"Russian TV chose the simplest approach available; those in charge of TV broadcasting evidently thought it was the most accessible to popular audiences. They resorted to shock tactics and distasteful images. In news reports the dead bodies of Tskhinvali inhabitants were repeatedly shown. One news programme repeated again and again the same clip of the body of a middle aged Ossetian woman dressed only in her underwear. Did no TV boss feel uncomfortable with this editorial choice? Did no one consider what effect broadcasting that scene had on her relatives?

Television screens showed shattered buildings and terrified Ossetian refugees, images that were accompanied by accounts of Georgian soldiers 'finishing off' the wounded Russian peacekeepers, pouring water into cellars where refugees were hiding, a continual stream of brutality.

There was no information about what was happening behind the fighting, of the negotiations, of the reasons behind the conflict that were being discussed in Georgia or by those in the European Union and the Council of Europe. There was no analysis of events or history — beyond hysterical assertions that the Americans wanted to unleash a Third World War and were behind it all."[43]

Critical voices came from within Russia as well. As Russian TV critic Slava Taroschina wrote on 13 August 2008:

"The propaganda war is accompanied by an information war. Until Sunday night, when Vesti 24 broadcast the emergency meeting of the UN Security Council, we had heard the point of view of only one of the parties to the conflict – namely, our own. This, however, did not prevent Konstantin Syomin [a Russian journalist known for his anti-Western views] to denounce the biased reporting by Western media every time he was on TV. To an extent, it is true. It is perhaps the first time that CNN and BBC are so non-objective. At the same time, there was a CNN reporter who extensively interviewed, in a rather benevolent tone, our high-profile Interior Ministry official Grigoriy Karasin, and the interview was then happily cited by our news channels. But our own channels have not yet presented any coherent opinion about the Tskhinvali tragedy from the Georgian perspective."[44]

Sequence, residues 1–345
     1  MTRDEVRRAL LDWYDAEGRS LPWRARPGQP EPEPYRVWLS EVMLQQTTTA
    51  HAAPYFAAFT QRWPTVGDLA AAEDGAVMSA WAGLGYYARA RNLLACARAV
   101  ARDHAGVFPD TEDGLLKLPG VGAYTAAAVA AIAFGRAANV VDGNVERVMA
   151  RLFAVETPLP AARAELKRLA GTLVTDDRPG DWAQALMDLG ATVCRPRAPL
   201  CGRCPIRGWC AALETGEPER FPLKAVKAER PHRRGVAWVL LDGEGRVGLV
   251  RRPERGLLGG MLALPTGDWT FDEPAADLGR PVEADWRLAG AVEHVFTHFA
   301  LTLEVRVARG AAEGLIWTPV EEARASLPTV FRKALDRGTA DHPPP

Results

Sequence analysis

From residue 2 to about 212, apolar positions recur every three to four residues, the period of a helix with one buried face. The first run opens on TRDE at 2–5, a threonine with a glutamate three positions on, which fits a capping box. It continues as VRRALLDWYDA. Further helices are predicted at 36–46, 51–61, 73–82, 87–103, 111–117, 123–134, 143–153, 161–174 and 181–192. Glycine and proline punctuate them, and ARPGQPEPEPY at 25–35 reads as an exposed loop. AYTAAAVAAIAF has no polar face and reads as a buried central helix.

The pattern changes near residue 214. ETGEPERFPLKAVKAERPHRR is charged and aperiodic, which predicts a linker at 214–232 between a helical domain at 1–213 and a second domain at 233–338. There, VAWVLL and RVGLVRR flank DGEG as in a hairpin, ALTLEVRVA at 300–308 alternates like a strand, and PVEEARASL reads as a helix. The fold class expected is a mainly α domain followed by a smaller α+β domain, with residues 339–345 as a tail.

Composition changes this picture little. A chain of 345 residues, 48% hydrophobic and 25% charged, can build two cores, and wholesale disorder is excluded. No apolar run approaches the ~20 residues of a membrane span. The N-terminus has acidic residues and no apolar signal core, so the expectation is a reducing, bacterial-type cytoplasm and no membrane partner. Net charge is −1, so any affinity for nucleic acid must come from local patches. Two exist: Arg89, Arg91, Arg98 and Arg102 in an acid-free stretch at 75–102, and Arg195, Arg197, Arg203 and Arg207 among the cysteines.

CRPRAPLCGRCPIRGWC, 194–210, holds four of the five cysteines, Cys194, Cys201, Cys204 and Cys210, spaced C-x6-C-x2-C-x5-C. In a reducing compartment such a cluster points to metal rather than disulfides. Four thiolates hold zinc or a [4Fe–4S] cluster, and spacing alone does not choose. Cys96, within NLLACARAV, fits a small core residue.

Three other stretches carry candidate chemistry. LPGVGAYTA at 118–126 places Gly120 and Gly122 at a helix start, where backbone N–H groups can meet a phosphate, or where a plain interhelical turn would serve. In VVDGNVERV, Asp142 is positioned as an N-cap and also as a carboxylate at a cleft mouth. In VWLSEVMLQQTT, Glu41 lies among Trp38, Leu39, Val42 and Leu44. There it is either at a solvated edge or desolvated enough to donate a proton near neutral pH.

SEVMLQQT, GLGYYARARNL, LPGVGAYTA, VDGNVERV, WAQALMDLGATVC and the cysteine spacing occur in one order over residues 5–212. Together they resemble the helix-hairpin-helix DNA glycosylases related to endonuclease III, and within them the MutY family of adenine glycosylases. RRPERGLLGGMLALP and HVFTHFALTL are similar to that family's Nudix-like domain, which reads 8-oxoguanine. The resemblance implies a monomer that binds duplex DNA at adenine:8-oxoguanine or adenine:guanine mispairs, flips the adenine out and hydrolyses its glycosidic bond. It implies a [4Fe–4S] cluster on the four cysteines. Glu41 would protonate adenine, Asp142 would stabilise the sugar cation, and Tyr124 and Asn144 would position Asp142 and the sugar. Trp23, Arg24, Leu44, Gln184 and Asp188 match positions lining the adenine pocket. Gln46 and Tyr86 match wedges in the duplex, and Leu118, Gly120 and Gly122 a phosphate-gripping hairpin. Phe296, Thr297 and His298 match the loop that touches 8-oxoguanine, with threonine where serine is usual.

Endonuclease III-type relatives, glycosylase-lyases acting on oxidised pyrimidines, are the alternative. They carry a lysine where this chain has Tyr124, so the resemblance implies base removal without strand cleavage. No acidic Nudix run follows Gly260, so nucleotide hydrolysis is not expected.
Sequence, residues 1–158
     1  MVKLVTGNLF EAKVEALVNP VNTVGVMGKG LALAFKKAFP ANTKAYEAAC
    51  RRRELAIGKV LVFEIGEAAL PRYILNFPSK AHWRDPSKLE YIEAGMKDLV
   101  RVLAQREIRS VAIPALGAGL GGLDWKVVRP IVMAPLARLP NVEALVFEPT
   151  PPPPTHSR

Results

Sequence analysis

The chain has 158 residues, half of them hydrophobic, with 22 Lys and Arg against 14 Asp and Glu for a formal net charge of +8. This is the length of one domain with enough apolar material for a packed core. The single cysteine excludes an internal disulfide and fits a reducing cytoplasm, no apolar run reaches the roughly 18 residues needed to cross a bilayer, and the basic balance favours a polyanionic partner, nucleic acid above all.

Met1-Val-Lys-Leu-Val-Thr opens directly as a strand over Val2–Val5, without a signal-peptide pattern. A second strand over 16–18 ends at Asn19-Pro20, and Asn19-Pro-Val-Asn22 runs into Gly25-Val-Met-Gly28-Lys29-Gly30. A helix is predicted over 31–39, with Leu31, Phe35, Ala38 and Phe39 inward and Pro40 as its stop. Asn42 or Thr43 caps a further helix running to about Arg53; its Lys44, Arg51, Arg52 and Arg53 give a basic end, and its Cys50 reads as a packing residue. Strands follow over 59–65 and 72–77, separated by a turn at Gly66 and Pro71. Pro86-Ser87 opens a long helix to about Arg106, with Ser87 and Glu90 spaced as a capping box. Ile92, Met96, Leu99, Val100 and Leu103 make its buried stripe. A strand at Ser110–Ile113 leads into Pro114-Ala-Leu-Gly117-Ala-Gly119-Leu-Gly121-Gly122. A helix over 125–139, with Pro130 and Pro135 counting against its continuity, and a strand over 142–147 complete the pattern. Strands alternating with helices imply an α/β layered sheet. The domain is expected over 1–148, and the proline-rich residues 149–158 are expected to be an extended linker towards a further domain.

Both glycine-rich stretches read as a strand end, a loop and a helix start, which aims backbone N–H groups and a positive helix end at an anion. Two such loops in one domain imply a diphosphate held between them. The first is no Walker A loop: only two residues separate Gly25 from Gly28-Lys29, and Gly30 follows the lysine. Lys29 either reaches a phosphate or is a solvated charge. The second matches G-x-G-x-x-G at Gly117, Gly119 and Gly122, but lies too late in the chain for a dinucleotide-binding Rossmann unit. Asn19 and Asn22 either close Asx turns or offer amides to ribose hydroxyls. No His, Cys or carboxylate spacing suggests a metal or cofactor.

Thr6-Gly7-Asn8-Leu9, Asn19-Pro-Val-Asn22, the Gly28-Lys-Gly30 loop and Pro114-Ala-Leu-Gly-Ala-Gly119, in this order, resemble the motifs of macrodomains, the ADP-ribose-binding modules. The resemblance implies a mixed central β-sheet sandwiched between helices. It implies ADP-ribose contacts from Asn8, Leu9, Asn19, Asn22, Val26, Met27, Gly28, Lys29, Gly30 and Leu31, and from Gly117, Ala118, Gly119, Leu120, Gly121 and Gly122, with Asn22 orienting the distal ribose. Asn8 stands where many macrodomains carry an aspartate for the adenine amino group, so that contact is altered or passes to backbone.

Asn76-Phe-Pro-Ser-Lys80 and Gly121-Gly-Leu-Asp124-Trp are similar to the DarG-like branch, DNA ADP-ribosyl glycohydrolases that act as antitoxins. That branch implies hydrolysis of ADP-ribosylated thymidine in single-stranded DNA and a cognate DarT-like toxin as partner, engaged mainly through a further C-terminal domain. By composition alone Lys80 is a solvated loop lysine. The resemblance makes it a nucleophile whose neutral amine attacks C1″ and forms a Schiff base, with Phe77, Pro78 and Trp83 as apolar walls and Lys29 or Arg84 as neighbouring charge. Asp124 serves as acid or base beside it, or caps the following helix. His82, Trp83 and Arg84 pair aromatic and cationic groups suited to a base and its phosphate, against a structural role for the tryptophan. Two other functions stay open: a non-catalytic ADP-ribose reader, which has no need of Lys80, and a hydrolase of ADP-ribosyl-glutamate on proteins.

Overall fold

[38] IREX, Media Sustainability Index 2009, Chapter "Russia," p. 189.

[39] Committee to Protect Journalists, "State takeover of news outlets threatens press freedom," 30 April 2001.

[40] Fred Weir, "Russia's Last Independent Stations to Move into Kremlin-Owned Studios," Christian Science Monitor, 23 October 2009.

[41] Kara Rowland, "Russia Today: Youth Served," The Washington Times, 27 October 2008.

[43] EU-Russia Centre, "Campaign in the Air Waves," 2008, p. 4.

[44] Slava Taroschina, "Apocalypse on Air" (in Russian), Gazeta.ru, 13 August 2008.